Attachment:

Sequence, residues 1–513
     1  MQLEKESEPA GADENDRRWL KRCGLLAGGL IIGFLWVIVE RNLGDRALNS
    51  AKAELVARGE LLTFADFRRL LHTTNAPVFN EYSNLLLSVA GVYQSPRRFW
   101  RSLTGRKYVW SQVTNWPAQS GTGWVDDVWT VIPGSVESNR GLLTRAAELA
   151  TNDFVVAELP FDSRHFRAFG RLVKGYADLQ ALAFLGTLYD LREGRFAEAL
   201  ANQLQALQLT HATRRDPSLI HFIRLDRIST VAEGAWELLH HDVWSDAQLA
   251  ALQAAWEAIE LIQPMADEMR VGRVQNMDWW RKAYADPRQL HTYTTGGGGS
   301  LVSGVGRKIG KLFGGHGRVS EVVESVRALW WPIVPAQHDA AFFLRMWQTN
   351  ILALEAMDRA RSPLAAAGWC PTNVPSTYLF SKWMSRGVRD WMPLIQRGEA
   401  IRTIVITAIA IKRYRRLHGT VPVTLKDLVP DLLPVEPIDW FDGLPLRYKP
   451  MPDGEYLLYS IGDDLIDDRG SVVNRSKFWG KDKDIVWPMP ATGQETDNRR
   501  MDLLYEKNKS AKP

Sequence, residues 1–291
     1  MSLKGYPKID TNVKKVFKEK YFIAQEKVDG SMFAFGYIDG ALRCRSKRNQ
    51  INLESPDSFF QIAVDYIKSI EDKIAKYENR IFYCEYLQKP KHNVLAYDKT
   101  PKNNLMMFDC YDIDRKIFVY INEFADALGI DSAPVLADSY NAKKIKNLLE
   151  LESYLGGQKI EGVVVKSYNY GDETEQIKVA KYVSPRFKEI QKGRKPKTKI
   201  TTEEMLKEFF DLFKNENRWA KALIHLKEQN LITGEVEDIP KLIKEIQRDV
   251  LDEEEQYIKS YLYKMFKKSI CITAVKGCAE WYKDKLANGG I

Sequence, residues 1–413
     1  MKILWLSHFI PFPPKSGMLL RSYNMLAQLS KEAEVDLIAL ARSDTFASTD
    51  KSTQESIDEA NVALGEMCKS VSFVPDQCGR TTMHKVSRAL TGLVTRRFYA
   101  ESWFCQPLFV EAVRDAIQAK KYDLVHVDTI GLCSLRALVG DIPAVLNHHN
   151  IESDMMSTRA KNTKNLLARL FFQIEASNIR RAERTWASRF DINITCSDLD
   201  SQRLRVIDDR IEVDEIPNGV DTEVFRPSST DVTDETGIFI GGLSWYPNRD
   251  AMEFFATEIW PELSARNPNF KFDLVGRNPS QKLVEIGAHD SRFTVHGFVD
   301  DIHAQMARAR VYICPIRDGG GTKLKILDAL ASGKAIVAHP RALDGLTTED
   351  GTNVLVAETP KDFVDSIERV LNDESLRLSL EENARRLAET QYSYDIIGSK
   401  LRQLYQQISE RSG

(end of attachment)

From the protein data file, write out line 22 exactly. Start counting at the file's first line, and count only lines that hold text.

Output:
    51  KSTQESIDEA NVALGEMCKS VSFVPDQCGR TTMHKVSRAL TGLVTRRFYA